I Lost My Baby To SIDS — Here's My Experience & How I Cope
Bereavement, loneliness, heartache, love, and despair all took on a new meaning in July of 2015. I was a new mom; I had just delivered my son three days prior, and, boy, did I go through the wringer during the pregnancy: My nights were long, my mornings were filled with sickness, and I spent a lot of time wondering if it would get better once the baby came.
But once my son came, I had suffered an unimaginable loss. One that still hurts me, two years later. Here's my story and what has helped me cope.
My experience with childbirth.
On July 22, 2015, I woke up thinking this would be just like any other normal day. I woke up to get my boyfriend up for work at 4:30 a.m. since he regularly slept right through his alarm. I lay back down and suddenly felt a sharp pain in my side. I got in the shower thinking it was just Braxton-Hicks contractions but soon realized that wasn't the case. It was time. From 4:30 a.m. to 4:33 p.m., I experienced every possible emotion and sensation—anxiety, pain, anger—then, at 4:34 p.m., my son was born.
"Are you ready to hold your son?" the doctor asked me as he laid a beautiful baby on my chest.
I just started crying. In that moment, every second of anxiety and fear was worth it because my baby was finally here. It hit me like a ton of bricks.
The day my son passed away.
My stay at the hospital was two days, as I needed blood transfusions due to my anemia. But the day after I went home from the hospital has become a day that will forever haunt my soul. I was awoken around 6 a.m. by my crying newborn baby, who needed to be fed. After feeding him, I put him in the playpen next to our bed, and we all fell back asleep. Nine in the morning rolled around, we had breakfast, and I showered.
After my shower, I put the baby in the swing, so I could clean, and start my schoolwork. Later in the afternoon, I was able to put my attention back on my son—and I played with him until I needed to go to the bathroom. So I got up, put him in his playpen, and went. But at 3:30 p.m., I realized my son was unresponsive. I yelled, "Call 911!" to his grandpa, who had just walked into the house, and I started performing CPR on my newborn baby immediately.
I remember getting tired after around 15 minutes of compressions and having his grandpa take over while I asked the 911 operator, "Will my baby be OK?"
"Ma'am, I cannot tell you an answer to that, but as long as he isn't turning blue, I think he'll be OK," the operator told me.
"He isn't. He's still warm as well," I squealed, as the police officer escorted by three EMTs walked into the bedroom and ushered me out. I jumped in my car and beat the ambulance to the hospital.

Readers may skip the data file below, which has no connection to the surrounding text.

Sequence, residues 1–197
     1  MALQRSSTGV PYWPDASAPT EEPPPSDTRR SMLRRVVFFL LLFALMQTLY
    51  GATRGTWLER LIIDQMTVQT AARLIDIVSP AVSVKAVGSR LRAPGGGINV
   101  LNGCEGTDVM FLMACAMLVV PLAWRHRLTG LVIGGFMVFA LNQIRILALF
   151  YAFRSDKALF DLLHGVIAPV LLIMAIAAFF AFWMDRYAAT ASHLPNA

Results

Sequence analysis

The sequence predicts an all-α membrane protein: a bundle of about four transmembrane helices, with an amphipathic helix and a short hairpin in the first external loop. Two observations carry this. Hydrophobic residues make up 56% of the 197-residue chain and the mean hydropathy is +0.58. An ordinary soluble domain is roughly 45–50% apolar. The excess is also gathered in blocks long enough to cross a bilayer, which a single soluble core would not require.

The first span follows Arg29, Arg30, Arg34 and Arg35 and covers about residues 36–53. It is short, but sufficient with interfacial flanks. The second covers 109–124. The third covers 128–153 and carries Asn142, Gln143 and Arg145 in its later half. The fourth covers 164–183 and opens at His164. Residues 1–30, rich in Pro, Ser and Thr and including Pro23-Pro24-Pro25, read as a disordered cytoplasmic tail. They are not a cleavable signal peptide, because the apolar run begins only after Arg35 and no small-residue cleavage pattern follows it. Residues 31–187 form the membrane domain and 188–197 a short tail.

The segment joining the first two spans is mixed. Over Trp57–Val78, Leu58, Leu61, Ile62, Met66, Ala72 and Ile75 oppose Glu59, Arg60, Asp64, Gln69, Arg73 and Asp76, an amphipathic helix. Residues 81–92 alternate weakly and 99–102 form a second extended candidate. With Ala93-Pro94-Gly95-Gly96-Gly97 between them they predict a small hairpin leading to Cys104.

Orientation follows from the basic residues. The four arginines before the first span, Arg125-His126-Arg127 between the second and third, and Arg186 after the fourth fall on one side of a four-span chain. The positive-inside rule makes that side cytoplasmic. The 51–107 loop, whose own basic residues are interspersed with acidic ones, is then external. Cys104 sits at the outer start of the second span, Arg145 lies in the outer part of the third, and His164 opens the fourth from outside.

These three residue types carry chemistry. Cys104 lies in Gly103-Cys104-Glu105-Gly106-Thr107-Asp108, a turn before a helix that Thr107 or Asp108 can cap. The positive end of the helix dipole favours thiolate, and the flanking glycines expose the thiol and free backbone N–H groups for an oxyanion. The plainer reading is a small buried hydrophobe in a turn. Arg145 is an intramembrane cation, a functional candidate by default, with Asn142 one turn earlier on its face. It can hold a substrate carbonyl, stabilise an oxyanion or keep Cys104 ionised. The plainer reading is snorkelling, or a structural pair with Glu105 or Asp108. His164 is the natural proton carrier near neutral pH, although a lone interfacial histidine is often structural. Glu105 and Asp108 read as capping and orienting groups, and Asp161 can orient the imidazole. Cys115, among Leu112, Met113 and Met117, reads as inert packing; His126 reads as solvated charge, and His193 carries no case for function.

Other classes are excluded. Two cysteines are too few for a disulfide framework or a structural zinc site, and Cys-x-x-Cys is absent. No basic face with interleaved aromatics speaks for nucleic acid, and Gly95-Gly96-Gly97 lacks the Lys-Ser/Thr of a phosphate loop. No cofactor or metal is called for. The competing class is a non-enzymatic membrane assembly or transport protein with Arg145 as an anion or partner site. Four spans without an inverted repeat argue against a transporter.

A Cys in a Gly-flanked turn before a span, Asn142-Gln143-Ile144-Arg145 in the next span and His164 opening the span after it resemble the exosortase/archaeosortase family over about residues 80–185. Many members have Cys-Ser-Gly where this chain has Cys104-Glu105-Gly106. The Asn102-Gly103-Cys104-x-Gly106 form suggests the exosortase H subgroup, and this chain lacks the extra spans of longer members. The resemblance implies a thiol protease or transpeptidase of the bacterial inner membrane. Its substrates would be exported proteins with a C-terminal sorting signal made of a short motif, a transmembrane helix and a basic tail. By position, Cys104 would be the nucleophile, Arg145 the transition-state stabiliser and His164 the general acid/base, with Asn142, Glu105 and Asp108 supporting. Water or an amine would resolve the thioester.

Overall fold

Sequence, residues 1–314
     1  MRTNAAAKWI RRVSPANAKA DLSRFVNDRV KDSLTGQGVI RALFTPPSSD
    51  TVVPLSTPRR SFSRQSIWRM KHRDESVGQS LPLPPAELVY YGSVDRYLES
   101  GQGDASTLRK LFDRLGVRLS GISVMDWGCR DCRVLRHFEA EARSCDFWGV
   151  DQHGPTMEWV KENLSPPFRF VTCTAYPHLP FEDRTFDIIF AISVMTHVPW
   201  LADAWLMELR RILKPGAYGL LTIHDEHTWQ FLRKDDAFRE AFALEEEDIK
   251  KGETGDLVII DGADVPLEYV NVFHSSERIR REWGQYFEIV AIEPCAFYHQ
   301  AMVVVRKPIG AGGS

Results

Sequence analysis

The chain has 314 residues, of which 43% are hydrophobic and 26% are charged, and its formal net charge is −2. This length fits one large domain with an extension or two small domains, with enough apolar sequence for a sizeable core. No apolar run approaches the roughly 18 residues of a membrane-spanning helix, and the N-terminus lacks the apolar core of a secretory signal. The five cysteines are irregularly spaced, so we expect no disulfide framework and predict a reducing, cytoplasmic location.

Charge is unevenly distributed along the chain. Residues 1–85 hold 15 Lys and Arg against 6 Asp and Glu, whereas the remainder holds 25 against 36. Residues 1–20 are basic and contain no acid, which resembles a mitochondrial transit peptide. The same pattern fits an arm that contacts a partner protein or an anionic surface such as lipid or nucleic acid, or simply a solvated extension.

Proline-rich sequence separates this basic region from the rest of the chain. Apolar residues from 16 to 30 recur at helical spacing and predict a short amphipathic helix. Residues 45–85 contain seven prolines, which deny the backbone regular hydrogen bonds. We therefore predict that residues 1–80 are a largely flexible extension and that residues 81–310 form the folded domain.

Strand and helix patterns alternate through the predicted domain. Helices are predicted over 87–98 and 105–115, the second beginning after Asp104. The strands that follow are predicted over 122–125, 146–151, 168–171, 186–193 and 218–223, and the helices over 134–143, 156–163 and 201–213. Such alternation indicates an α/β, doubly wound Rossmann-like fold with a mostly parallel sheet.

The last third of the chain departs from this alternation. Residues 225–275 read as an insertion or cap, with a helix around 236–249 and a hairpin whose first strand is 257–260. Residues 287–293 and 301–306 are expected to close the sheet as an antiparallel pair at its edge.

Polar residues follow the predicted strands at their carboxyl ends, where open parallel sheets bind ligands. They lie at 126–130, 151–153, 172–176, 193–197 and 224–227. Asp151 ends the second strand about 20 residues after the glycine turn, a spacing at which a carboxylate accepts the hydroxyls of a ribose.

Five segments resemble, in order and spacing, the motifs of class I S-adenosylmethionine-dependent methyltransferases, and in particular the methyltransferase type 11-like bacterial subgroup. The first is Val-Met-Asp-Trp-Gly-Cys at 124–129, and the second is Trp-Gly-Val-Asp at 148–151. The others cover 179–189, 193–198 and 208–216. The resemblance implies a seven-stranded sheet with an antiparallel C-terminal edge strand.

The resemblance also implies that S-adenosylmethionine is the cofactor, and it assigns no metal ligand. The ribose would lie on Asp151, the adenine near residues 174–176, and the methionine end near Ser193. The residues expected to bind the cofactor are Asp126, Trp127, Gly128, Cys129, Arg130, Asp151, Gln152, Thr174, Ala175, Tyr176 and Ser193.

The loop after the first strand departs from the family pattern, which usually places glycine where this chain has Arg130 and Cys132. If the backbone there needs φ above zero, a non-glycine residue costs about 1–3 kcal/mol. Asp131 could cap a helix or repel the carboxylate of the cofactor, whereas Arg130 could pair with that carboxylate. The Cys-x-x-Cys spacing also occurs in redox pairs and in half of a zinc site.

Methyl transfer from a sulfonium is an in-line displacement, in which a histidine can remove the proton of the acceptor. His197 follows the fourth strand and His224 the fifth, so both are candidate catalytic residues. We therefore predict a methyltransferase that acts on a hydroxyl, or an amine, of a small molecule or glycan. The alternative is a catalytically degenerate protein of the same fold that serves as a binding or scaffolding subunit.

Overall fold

At around 6 o'clock, a doctor walked into the room with a few nurses and put his hand on my shoulder. All of a sudden, the hairs on my arms stood up, and I begged him for good news.
"I'm sorry, but we were unable to save your son."
How I coped after the loss.
I will never forget those words. They are imprinted on my mind, and when I think about that moment, my heart sinks all over again. We were escorted from the hospital by a state trooper, who was taking us somewhere to make statements. As we left, a swarm of people surged around us—people from my family, people from the father's family, friends I hadn't seen since high school. I didn't know how they knew. I still don't.
It took a few months to get the autopsy back. When we finally did, we realized no one was to blame. There's nothing we could have done. My son was a victim of sudden infant death syndrome1.
Some days I want to stay in bed and cry. Others, I want to take every adventure and live my life to the fullest. I'm still living on an emotional roller coaster. I might be laughing when something reminds me of my son and I'll just get sad. Certain songs make me feel weak and queasy, but then some days I actually want to listen to them. I'm going to be OK, but I'm just still a little broken.
People always ask me how I stay so strong. The truth is that I don't. There are so many moments when I'm screaming at the sky or acting like the world doesn't exist. Everyone has tough days. That's what death and loss do to someone.
If you know someone who lost a loved one, don't make the mistake of thinking you can't bring up the loved one. People worry about that a lot—with me especially. Losing a child is such a sensitive subject, and people are afraid to mention him.
My response is always, "My son existed. He was here and God needed him in heaven, so he took him back. I am not going to fall apart if you mention him. I won't get angry. I might show you pictures or videos and tell you stories from the time that he was here, but I'll never be upset that you brought him up."
Where I'm at now.
Almost two years later, it affects me differently now. I hurt less, but I think more. So many "what ifs" go through my head, but overall, I'm happy. The thing that has helped me the most was to focus on the positives. I know it's cliché, but I truly believe that everything happens for a reason. That belief has helped me so much. When my anxiety gets to me, I write or I go for a run. I remember the people who love me are here for me. I remember that somehow, time heals.
Amber Lynn Gillis is currently a student studying criminal justice, based in New Jersey. She enjoys going on cruises, and has aspirations to work for the Department of Homeland Security one day.